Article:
We can bring down the costs and improve the quality of care across the board. If we are to improve health care status of Americans, we must focus on, and eliminate these disparities. One step is ensuring that every community has a sufficient supply of well-trained medical professionals, and this is where our nation's academic medical centers play an essential role.  All three physicians-Drs. Carson, Higginbotham, and Wilson, shine as leaders in the medical profession and have devoted their careers to academic medicine.

 

First is Dr. Benjamin Carson, a world renowned pediatric neurosurgeon who works daily to save and improve the lives of children as the Director of Pediatric Neurosurgery at Johns Hopkins Hospital.  Dr. Carson's story is truly inspiring.  He was born and raised in Detroit by a mother who encouraged Ben and his brother to work hard and succeed in school.  Dr. Carson graduated high school with honors and was admitted to Yale University to study psychology.  He attended the University of Michigan Medical School.  Dr. Carson completed his neurosurgery residency at Johns Hopkins Hospital, where he became the youngest physician ever to head a major division there.  Dr. Carson has surgically separated several pairs of conjoined twins and has pioneered new, groundbreaking procedures to save children's lives. Most notable among Dr. Carson's numerous accolades and honors is the Presidential Medal of Freedom-the nation's highest civilian award-which he received in 2008.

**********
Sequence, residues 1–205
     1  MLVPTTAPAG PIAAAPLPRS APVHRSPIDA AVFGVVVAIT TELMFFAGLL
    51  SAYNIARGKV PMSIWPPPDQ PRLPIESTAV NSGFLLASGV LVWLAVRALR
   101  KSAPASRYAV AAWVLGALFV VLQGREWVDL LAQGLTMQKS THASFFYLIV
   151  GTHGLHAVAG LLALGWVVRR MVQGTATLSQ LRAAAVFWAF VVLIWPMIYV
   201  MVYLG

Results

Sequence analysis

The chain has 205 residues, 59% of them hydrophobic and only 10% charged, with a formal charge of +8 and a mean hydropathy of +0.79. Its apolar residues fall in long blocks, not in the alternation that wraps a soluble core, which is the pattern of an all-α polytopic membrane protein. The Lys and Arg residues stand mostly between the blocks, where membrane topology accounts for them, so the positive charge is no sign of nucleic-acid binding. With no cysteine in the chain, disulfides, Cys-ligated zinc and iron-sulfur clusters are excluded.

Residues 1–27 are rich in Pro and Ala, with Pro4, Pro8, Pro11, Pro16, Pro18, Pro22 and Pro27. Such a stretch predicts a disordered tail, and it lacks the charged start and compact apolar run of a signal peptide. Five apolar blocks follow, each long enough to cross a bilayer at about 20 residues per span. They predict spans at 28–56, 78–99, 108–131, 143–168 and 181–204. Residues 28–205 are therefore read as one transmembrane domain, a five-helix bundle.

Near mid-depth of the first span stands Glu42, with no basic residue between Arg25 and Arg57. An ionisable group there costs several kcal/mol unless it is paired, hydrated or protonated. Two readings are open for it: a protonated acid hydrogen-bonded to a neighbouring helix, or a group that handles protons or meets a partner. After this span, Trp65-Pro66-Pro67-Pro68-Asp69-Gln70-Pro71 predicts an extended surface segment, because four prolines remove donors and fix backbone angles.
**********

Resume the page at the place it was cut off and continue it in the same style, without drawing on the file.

In addition to his surgical acumen, he is president and co-founder of the Carson Scholars Fund. He is also president and cofounder of the Benevolent Endowment Network Fund, an organization that works to cover the medical expenses of pediatric neurosurgery patients with complex medical conditions.

 

Second, I want to recognize Dr. Eve Higginbotham, a physician who was recently appointed Senior Vice President and Executive Dean for Health Sciences at Howard University.   Dr. Higginbotham was the first woman to chair a university-based ophthalmology department in the United States, and she held this position at the University of Maryland School of Medicine in Baltimore, from 1994 until 2006.  Her next appointment was as the Dean and Senior Vice President for Academic Affairs at Morehouse School of Medicine in Atlanta.

 

Dr. Higginbotham is a frontline warrior in the fight to eliminate health disparities.  As a member of the Friends of the Congressional Glaucoma Caucus Foundation, she developed a glaucoma screening training program that has been implemented in more than 40 medical schools nationwide.  Through this program, medical students provide glaucoma screenings to elderly residents in underserved communities, making possible early detection and treatment for the leading cause of blindness among African-Americans.